We can look at several photographs of one landmark, each taken from a different perspective, or just look at one. If we look at just one landmark photo from one perspective, we would have very limited knowledge of how the landmark scene actually appears. Seeing more photos increases our perspective.
We could go deeper; say we’ve looked at twenty photos taken as the photographer moved around the landmark... would that cover every single potential perspective of it? How about if we double the number of shots going around the landmark so we’ll have forty snaps; would that then give us the total perspective of it? The answer is no.
There’s an easier way to look at all of this however.
Seeing all the perspective views of the landmark in photographs would require lots of photographs, taken from every angle from every direction, but finding perspective doesn’t have to be tedious. We’d get all the perspective necessary to appreciate the landmark without requiring all the possible views.
Perspective doesn’t only include pictures for us to view; it also includes our store of knowledge, our concepts and our character. It includes our moral beliefs, our understanding of what is right and what is wrong, and our devotion to finding the truth, rather than accepting someone else’s explanation because it’s convenient.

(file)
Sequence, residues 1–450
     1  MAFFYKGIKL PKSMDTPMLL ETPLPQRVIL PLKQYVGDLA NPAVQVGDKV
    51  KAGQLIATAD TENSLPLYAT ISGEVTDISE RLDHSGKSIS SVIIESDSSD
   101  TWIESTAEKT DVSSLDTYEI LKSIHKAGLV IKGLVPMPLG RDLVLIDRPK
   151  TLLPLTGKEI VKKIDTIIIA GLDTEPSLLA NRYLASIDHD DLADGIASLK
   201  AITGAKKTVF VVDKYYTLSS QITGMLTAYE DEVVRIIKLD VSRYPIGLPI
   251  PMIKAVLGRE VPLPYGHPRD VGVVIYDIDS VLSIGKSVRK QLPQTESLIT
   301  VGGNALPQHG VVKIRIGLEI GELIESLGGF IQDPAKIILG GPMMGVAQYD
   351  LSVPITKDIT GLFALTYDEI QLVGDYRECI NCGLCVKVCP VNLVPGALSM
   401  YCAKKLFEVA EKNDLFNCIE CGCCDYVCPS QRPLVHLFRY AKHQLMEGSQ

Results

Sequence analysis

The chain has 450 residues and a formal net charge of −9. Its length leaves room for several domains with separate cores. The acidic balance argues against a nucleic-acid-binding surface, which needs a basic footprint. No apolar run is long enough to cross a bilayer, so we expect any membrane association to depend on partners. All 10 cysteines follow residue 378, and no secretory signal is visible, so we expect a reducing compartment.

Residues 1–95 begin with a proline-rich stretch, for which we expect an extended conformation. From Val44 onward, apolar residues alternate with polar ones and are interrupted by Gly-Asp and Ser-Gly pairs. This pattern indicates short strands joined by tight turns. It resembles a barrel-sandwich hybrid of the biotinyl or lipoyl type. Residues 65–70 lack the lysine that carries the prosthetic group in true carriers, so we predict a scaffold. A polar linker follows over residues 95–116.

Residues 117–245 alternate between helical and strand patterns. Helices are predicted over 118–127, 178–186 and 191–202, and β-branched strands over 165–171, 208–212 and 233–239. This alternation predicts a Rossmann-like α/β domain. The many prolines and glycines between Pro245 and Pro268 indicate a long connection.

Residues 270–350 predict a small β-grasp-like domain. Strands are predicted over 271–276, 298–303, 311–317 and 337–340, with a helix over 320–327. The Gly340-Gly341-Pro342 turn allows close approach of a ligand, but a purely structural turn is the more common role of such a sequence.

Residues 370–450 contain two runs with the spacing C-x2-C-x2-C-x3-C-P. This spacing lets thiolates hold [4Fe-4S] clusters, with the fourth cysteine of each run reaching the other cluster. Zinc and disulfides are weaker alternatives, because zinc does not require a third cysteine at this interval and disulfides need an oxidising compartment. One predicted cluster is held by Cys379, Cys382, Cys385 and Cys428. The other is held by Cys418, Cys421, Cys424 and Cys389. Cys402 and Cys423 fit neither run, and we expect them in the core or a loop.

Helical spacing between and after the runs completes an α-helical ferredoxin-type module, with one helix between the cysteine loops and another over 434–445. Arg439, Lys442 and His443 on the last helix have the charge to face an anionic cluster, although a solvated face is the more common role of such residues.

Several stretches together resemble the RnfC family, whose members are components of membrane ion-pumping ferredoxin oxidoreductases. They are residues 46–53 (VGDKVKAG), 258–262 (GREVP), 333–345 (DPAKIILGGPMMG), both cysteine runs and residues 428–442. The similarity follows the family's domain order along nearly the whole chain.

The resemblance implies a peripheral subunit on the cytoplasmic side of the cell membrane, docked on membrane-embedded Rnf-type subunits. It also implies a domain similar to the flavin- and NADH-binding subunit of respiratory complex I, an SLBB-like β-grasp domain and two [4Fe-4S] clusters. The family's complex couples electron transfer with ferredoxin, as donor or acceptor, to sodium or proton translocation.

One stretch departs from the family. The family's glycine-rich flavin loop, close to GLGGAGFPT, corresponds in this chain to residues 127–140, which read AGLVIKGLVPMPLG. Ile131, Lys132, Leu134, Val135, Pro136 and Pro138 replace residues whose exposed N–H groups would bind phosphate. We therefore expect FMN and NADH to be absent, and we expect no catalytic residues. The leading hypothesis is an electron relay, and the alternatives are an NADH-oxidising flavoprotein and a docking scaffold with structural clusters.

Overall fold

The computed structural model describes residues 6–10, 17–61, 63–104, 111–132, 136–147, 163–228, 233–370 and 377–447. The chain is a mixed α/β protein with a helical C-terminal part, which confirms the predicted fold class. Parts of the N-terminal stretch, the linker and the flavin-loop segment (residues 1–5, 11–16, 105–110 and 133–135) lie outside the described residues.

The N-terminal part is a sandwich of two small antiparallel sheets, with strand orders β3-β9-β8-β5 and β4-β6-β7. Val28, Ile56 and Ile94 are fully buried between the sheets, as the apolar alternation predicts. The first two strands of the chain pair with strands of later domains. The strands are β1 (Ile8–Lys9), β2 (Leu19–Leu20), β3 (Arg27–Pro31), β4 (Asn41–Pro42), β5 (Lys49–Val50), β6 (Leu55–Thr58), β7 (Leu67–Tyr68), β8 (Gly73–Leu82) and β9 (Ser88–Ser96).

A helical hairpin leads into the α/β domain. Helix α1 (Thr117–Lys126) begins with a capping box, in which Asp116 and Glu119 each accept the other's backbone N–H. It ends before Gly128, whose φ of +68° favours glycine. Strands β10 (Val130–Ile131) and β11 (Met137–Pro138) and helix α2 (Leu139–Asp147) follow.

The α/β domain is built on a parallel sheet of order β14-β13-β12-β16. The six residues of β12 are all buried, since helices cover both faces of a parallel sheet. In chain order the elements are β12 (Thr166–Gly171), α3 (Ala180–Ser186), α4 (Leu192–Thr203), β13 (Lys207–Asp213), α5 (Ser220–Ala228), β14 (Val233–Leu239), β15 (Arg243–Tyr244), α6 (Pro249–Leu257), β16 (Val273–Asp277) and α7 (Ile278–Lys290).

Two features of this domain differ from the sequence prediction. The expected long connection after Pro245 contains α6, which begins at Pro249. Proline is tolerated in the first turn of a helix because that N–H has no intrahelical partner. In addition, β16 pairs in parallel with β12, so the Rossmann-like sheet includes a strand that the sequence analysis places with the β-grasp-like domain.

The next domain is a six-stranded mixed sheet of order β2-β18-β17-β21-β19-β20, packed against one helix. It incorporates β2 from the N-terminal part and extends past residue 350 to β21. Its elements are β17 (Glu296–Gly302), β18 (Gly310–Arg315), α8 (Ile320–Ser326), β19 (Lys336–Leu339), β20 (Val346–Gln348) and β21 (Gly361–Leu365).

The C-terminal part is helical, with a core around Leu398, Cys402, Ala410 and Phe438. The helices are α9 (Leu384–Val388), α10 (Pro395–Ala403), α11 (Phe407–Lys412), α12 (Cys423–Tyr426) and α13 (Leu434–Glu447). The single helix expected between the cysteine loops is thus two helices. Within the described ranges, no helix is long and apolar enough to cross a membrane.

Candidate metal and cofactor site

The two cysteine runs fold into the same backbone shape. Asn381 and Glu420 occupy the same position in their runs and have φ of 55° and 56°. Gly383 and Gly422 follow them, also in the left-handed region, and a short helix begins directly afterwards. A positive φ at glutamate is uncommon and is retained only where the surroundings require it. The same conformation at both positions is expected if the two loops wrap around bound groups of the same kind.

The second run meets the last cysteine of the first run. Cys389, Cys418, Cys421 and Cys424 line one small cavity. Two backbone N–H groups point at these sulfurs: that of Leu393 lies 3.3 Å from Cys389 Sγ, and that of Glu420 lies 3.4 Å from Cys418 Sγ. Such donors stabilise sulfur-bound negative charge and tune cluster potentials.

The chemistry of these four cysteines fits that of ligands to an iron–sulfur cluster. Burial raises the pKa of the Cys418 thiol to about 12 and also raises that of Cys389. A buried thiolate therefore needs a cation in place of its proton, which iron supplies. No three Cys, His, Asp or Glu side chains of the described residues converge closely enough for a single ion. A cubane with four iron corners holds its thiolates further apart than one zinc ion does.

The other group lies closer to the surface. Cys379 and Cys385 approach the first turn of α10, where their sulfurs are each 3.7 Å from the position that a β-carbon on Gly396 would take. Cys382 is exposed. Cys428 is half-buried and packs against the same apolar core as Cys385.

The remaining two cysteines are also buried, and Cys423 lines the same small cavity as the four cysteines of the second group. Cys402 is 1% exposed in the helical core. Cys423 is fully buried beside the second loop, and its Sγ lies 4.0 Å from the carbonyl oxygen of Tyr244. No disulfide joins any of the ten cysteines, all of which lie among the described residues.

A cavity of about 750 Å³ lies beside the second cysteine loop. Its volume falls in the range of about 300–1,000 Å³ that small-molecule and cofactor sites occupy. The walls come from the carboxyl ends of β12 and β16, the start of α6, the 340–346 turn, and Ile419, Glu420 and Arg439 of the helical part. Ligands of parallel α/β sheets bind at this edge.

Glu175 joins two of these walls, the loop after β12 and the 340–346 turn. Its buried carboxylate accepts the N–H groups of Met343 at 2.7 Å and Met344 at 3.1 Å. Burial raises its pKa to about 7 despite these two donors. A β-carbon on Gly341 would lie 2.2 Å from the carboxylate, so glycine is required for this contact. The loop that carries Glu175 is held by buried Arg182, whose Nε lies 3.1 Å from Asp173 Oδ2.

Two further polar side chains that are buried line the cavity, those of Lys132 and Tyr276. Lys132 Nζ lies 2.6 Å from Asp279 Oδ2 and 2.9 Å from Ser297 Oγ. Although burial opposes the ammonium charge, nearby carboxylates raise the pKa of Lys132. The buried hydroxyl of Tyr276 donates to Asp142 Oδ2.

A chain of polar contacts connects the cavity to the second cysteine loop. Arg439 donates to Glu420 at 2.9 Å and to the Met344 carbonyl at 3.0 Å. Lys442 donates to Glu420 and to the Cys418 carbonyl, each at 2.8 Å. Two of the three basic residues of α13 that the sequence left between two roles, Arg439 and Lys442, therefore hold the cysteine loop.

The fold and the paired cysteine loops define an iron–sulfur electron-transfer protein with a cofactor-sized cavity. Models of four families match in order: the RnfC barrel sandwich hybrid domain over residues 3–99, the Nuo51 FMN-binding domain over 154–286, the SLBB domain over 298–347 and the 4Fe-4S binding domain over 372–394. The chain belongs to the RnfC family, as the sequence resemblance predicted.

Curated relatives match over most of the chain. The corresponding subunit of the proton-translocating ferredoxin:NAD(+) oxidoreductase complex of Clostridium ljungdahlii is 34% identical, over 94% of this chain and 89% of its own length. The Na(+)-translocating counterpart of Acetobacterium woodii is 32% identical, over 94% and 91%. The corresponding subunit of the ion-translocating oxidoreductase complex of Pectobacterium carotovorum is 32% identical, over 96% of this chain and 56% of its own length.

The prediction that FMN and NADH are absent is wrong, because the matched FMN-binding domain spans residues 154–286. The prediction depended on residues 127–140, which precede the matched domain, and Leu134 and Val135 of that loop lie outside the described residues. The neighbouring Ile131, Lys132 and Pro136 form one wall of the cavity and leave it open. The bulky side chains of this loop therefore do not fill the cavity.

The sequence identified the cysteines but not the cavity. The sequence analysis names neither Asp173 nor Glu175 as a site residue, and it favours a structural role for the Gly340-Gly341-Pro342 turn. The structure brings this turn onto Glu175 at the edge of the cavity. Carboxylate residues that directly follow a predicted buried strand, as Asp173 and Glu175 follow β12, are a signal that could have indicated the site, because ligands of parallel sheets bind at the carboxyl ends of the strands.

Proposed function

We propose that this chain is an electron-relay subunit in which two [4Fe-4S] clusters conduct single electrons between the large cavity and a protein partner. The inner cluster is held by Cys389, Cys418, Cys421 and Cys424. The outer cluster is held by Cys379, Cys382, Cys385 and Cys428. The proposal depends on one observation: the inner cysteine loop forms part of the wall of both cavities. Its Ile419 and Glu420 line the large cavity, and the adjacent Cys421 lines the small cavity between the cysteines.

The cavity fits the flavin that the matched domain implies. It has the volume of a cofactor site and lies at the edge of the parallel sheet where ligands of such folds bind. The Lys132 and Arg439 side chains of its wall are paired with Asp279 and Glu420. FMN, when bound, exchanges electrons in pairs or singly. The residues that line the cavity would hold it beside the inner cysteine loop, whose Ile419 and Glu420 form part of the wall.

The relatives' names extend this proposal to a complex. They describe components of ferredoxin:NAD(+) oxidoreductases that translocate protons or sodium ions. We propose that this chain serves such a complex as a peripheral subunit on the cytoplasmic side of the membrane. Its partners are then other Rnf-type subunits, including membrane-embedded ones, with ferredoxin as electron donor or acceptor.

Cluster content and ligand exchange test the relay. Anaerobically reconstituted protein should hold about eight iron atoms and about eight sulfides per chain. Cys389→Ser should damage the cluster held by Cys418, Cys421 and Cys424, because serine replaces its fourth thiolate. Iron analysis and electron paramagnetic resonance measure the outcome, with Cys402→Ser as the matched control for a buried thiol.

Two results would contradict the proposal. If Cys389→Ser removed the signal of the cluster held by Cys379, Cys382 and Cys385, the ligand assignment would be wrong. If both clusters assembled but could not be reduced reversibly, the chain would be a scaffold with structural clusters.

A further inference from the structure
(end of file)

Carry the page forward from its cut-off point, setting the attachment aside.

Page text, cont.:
Convenience comes in assorted colors and flavors, like “just going along” or “he knows more about it than me.” Of course, something like this has a name too… “that’s a cop-out.” Having cop-outs ready when needed is required these days, especially on social media. It’s likely that many active social media users adopt someone else’s perception in order to “fit in.”
We do it in real life too; if there’s a group we like, we do our best to show them we agree with them on everything. It doesn’t matter whether we actually do or not; in time we will, through conditioning. Their perceptions of just about anything become our perceptions, and then we award them “mentor” status, and, in some cases, we might start a cult, we’re so “tuned in.”
How do you perceive things you really know nothing about? Would you accept someone else’s personal perceptions?
It’s likely that most of us would, if we feel pressured to decide and we know the perspective of the group already. Since we want to be in the group, we accept their perspectives, even ones we don’t know about, that’ll likely surprise us down the road. It’s inevitable.
Increasingly less people think for themselves these days, and many seem to go along and can’t answer why. They don’t know. They don’t have time to relax and consider. Things change so fast, no one can keep up. So, like a trusty machine, we absorb what’s sent down the assembly line, and do with it what we’ve been trained to do. Obey.
Formulated perceptions might reveal more. We might even learn something new and valuable about something we previously didn’t know.
Perceptions © free-reign 2020
Thanks for reading!
Sources for images used in this post:
(Public Domain photos are from Wikimedia Commons)